A New Primary Goal When You Compete

posted on: May 20, 2014
author: Brian Lomax

Rival Soccer Players Kicking Ball

If you play a sport in which you or your team has a direct opponent that you are competing against (football, basketball, soccer, hockey, tennis, etc.), what is your primary goal when you start playing? Is it to win? Is it to execute your game plan or do your job? Is it to play well? Perhaps it’s something else? These are all valid perspectives, but let me give you a new one to consider. One that may make you re-examine your other perspectives and how you actually perform them.

Your primary goal when you compete is to break your opponent mentally. Yes, you read that correctly. I want you to focus on breaking your opponent mentally. Everything you do should be with this goal in mind. Your game plan, how you attack your opponent, how you manage your body language and self talk, your confidence, etc. – all of these things must contribute to the breaking of your opponent. This is the ultimate lesson in becoming a great competitor and once you do it for the first time, you’ll realize that you’ve moved to a new level of competitor. It is the pinnacle of competition.

To some of you, this may sound a little cruel, but the fact of the matter is you’re more or less doing this already, you’re just not as focused on it as you should be. And you’re not looking for the signs of it happening enough either, for if you were, you wouldn’t be making some of the mistakes that you’re making today that allow your opponents to stay in the game longer than they should. Why do we focus on this? Because when your opponent breaks mentally, they quit competing. They stop trying and they make it easier for you to win.

So how do you break your opponents mentally? There are a couple of ways that I want to highlight. First is pressure. Your game plan or your style of play must somehow exert pressure on your opponent. It must make them uncomfortable in some way. It must take them out of their game and put them in your game. When competitors feel pressure, they can start to make poor decisions. They may try to do things that they can’t really do well because their normal game has no answer for what you are doing to them. I want you to examine your style of play or your game plan and really understand how it is putting pressure on the opponent. What about it makes them uncomfortable? If you’re not making opponents uncomfortable, you’re not going to be successful.

Second is own the critical moments. In a previous blog post, I wrote about how to succeed in the critical moments, and the more you do this, the more your opponent is going to break. They are going to be frustrated and angry, and that will give you the advantage. I see this in tennis all the time. If one player is winning more of the deuce games in a match, that eventually gets into his/her opponent’s head.

The last method is somewhat related to the first and it is that you try to break your opponent’s physical conditioning. Nothing breaks the will to compete like fatigue, and if you can exhaust your opponent, they’ll start making mistakes and they’ll check out mentally. Early on in the competition, show your opponent how hard they are going to have to work today to earn the victory, and you may find that they aren’t up for it. The physical exhaustion will lead to mental fatigue and that will lead to you coming out on top.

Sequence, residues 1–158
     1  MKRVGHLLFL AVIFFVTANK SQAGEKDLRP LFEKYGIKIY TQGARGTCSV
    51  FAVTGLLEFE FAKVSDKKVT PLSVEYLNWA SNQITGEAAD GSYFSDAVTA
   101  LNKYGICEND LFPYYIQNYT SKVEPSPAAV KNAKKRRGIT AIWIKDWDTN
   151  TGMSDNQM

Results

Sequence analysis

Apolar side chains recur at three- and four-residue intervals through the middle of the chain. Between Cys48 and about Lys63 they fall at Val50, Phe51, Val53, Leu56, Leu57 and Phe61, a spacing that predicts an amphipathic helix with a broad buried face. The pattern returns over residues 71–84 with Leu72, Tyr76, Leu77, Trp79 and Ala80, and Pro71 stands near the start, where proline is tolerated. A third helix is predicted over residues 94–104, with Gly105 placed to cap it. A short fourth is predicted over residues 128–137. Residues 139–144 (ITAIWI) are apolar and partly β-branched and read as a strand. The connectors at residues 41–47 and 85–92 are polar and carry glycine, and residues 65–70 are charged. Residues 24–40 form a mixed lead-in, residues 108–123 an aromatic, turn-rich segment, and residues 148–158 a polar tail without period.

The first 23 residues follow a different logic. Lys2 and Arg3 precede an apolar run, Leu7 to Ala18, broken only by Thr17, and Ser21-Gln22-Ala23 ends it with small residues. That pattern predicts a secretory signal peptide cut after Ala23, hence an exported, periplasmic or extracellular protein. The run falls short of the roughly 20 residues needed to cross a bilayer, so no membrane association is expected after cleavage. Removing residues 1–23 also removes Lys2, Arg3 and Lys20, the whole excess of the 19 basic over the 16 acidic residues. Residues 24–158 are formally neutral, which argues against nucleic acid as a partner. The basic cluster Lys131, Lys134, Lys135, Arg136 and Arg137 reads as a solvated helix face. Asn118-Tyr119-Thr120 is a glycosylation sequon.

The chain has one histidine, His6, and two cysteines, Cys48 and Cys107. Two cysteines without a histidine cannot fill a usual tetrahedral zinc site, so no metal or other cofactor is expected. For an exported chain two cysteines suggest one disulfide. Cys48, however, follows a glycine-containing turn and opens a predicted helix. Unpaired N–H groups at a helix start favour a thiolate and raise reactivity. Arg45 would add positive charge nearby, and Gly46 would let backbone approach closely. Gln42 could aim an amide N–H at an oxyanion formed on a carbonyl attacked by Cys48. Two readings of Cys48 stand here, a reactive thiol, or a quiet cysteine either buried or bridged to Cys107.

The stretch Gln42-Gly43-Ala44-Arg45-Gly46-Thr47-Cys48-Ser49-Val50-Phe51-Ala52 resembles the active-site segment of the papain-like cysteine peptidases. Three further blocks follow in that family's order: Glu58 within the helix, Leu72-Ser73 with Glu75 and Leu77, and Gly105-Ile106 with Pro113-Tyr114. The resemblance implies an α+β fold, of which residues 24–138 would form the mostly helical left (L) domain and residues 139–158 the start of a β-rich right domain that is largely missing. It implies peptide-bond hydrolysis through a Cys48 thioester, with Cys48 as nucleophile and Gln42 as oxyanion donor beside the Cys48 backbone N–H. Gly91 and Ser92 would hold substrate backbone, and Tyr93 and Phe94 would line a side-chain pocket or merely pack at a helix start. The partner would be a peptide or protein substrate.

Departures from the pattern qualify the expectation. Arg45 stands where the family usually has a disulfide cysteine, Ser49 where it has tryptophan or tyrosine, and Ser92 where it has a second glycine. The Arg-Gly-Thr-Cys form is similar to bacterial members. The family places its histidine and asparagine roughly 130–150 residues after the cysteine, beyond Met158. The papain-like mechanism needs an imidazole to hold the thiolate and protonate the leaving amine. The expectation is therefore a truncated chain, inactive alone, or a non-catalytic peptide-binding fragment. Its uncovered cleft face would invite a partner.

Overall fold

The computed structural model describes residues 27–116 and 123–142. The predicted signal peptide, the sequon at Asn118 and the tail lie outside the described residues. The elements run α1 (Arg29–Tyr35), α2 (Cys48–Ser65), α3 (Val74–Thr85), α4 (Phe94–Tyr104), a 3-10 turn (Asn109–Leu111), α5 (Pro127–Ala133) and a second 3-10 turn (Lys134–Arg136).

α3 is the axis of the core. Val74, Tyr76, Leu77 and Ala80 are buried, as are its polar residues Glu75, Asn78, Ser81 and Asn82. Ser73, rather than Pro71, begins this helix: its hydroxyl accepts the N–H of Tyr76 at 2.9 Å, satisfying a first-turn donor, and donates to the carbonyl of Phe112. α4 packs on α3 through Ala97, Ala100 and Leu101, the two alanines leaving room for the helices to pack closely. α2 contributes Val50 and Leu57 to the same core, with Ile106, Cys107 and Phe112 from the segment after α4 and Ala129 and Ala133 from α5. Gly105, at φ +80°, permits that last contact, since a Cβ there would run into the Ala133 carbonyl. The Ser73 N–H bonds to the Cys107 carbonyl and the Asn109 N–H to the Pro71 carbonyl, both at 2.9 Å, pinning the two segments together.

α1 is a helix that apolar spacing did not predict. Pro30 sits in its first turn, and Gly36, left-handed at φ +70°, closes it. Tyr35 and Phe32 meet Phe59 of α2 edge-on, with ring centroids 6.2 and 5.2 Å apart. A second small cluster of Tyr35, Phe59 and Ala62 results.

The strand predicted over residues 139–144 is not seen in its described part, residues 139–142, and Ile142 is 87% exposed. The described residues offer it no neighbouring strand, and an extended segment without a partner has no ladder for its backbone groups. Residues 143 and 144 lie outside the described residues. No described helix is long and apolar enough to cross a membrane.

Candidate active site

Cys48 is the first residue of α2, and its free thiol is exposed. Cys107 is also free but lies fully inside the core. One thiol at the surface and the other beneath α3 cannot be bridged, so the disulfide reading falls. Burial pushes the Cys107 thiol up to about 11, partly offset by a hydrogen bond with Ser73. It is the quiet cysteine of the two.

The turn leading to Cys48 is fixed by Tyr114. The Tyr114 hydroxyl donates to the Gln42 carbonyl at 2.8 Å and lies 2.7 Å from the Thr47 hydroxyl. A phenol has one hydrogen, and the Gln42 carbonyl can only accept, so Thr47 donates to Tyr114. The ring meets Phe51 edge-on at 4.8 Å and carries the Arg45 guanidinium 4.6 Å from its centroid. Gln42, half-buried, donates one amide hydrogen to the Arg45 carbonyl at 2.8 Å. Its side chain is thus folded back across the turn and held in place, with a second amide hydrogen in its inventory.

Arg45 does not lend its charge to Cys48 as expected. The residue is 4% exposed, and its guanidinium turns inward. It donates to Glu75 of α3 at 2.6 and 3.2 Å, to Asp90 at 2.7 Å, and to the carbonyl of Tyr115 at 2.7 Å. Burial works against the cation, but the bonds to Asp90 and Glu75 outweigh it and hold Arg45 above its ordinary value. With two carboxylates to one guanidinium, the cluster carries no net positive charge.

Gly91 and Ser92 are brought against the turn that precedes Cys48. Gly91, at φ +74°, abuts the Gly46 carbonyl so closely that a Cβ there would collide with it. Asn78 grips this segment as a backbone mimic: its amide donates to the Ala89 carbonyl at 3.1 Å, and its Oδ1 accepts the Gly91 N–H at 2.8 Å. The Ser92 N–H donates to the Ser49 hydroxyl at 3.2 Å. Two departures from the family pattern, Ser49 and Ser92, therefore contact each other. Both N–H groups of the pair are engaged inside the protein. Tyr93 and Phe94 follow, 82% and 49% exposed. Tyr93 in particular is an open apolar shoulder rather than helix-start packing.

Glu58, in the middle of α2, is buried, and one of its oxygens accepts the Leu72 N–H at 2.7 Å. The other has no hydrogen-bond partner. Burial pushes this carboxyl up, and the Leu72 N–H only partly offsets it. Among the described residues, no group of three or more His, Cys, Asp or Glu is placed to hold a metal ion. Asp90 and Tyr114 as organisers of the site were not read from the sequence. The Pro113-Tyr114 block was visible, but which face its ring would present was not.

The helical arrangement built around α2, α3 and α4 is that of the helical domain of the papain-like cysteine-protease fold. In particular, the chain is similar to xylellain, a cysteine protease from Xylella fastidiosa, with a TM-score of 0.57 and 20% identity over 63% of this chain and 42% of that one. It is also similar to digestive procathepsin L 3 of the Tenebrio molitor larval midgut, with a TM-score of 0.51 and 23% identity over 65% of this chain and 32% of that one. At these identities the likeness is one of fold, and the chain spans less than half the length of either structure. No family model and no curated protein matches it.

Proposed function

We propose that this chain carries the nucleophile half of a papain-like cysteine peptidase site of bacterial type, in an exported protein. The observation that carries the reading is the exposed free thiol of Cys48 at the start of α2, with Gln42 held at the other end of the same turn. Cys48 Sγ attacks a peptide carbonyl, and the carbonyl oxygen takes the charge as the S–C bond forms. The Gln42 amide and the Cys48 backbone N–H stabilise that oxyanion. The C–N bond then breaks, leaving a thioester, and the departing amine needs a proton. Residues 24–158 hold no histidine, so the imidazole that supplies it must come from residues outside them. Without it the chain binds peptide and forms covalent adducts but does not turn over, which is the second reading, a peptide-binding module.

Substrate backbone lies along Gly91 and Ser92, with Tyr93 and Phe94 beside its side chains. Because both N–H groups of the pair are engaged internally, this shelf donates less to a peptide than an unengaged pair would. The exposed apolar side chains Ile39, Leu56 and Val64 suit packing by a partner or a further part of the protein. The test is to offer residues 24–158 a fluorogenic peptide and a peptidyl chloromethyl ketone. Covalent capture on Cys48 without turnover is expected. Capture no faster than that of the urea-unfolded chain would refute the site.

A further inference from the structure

Once you start to compete with this goal in mind, you must also be observant of the signs of a mentally breaking opponent: anger, frustration, complaining, arguing, bad body language, low energy, lack of effort, poor decision making, etc. When you see these behaviors, don’t let them upset you. Be happy about it. This is exactly what you want and once you start seeing some of these things, it’s your job to make sure your opponent keeps acting this way. Don’t do anything that might reinstate their confidence or help them to get back in the fight.

Before we conclude, let’s discuss some things that you should not do to break your opponents mentally: cheating, taunting, intimidation, deliberate confrontation, and other unethical means. These are not the methods of great competitors. They are for cowards and for people who don’t have the courage to put their abilities on the line. Winning through these methods is an empty experience and will never be completely fulfilling, so don’t use them when trying to break your opponent mentally.

How you use your game, your strategy, your conditioning, your body language and your thoughts is plenty when it comes to breaking your opponent mentally. This concept has had a tremendous impact on my ability to compete and has helped me find more and more opportunities to break my opponent. Experiment with this perspective and let me know how it works for you.

 

Share This Post

Facebooktwitterredditlinkedinmail

Follow PerformanceXtra

twitterlinkedinyoutubeinstagram

About the Author

Brian Lomax founded PerformanceXtra™ in 2009 with a mission of helping athletes achieve their goals and their top performances more consistently through a progression of mental skills that enables them to focus on what is truly important.

Learn more about the author: https://performancextra.com/brian-lomax/

2 responses to “A New Primary Goal When You Compete”

  1. Steffani says:

    This is a great article and very true! It was good that you outlined the appropriate ways to break down an opponent vs. the inappropriate approach.

    • Tina says:

      Thanks, Steffani, for your response. Yes, expressed in an inappropriate way can cause a lot of hard feelings and a lot of collateral damage.

Leave a Reply

Your email address will not be published. Required fields are marked *